Alf Rehn is a globally noted thought leader in innovation, trends, and creativity; a sought- after speaker, an author and a columnist, as well as a well-regarded commentator on leadership and organizational culture.
Alf Rehn has written several bestselling books and given some 1000 keynotes all over the world – including in North Korea. His keynotes have been praised for their provocative content as well as for their entertainment value and flair. He is known for his mastery in combining the latest academic insights with a deep practical experience.
His research has spanned numerous fields and has been published in top academic journals as well as in a series of bestselling books, challenging preconceived notions and provoking thought across the world. His newest book, Innovation for the Fatigued: How To Build a Culture of Deep Creativity, published by Kogan Page, is an antidote to fads and incrementalism – a much needed guide for any company that seeks to truly make new ideas take root.
Alf’s top themes & topics for 2022:
• Becoming a Future-Ready Leader – The World Needs Anchors, Not Buoys:
30 years ago, a cliffhanger was an occasionally used trope in TV shows, as well as the name of an upcoming Sylvester Stallone movie. Today, every (business) day seems like a cliffhanger. Will there be a new variant? Will crypto change everything? What technology you’ve never heard of before will redefine everything and possibly make your job redundant? It’s not just workers who are feeling this pressure, but increasingly executives. Will an AI be a better CEO than me? Did I miss the boat on NTFs? And what in the world is the metaverse!?
In this strange time of ours, it isn’t surprising that a lot of leaders feel a little untethered, unsure of what to do next. Some try to learn as much as possible about new technologies, and often become exhausted by the sheer volume of things to keep track of. Others frantically try to hire any and every new talent that might be the next big thing. Yet again others pour millions into innovation projects they don’t even understand, just to be on the safe side.These are understandable reactions, but they are also a sign that we’ve gotten into the state that Alvin Toffler as early as 1970 named “future shock”. When leaders get into this mode of thinking, their reactions are often panicked and chaotic, and such wild gyrations might give the appearance of action, but to many in the organization they will signal that top management hasn’t really got a clue.
In a disruptive world, it is more important than ever to realize that what followers look for in a leader is not the fidgety attention of someone who is excited by each and every novel thing, but a line to follow and someone to trust. When things are changing quite rapidly, leaders need to realize that their role is not just to explore the outer reaches of potential, but more than anything to give the organization a steady anchor, something to believe in.Getting excited about the new new isn’t difficult – a small child can do it. Standing firm and steady, unmoved by the oscillations of the day to day, that is far harder. Today, more than ever, we need leaders who can look beyond the flashiness of novel technologies, who can think beyond the wild rushes of the meme-ified stock market, and to stand for something more permanent.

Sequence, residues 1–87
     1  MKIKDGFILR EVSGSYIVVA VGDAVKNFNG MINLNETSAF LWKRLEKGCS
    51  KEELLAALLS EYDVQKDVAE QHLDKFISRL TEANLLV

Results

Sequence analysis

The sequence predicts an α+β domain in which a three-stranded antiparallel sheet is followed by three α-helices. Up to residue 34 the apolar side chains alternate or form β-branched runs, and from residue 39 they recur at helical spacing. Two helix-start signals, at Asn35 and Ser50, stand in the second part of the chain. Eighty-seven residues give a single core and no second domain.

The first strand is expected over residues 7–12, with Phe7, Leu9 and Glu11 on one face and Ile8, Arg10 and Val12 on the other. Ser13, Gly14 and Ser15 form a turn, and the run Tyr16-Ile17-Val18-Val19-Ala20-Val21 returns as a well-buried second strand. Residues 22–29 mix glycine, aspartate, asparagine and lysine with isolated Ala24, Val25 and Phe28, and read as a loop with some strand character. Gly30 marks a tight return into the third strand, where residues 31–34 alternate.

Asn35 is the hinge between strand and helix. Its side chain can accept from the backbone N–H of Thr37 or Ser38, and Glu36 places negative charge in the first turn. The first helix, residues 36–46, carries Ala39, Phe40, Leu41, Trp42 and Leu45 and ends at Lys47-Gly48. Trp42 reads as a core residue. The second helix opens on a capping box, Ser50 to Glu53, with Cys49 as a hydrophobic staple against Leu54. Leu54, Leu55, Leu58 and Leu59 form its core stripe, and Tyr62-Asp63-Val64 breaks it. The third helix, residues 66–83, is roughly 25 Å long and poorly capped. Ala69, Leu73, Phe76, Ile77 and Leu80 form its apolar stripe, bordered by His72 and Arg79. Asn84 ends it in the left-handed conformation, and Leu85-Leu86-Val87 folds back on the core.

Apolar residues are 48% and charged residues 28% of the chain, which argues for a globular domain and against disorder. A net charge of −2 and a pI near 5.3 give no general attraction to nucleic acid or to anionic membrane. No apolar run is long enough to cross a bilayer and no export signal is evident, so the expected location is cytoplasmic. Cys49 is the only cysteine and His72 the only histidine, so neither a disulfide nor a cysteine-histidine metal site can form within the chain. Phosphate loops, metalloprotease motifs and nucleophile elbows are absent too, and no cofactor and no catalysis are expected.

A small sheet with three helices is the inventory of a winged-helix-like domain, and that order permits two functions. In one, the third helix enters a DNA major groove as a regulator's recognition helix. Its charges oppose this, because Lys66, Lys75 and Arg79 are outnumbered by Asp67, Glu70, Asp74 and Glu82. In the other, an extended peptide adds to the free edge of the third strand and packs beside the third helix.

In this wild rollercoaster that the last few years have been, strategy has become more important than ever. Not from the planning perspective, but as the kind of storytelling that makes employees believe that there is a steady hand on the helm, that there is a big picture, that there is a point to it all.When I talk to leaders today, I keep reminding them: “There are lots of people out there making noise and silly predictions. No-one needs more of them. What we need more of are people who are prepared to be anchors – value-driven leaders who play the long game. People who, in the word of Johnny Cash, walk the line. Don’t be a buoys, bobbing along every new wave that comes along. Be an anchor, that which keeps us tethered when the winds are high and the night feels full of terrors. Be something to believe in.
Alf has held the Chair of Management and Organization at Åbo Akademi University in Finland, a professorship of innovation and entrepreneurship at the Royal Institute of Technology in Sweden, and is currently a professor of innovation, design, and management at the University of Southern Denmark.
At the exceptionally young age of 31, Alf was made tenured Chair of Management and Organization at Åbo Akademi University in Finland, and ever since has focused on exploring and overcoming the challenges that global corporations face when it comes to innovation. More than just an academic, Alf has been involved in a wide variety of projects over the years, including heading up his own international advertising agency and sitting on the board of billion-dollar companies.
Having worked with a wide variety of business, from fresh-faced startups to well-established Fortune 500 corporations, his innovative thinking has been recognised in a number of circles all over the world and even earned him several awards. In 2013 he was rated number three among the top 20 Nordic business thinkers and number one among Nordic academics.
As a speaker, Alf has also been widely celebrated and in 2010 was named Speaker of the Year in Finland. He has been the warm-up to the likes of Al Gore and Arnold Schwarzenegger, and headlined conferences with tens of thousands of visitors. He is known as a speaker who can engage with all, no matter how big or small his audience, and is regularly praised for his ability to connect with those whose day to day work doesn’t even involve innovation in business. Having accomplished so much within such a short span of his career, Alf is seen as a true innovator and an inspiration.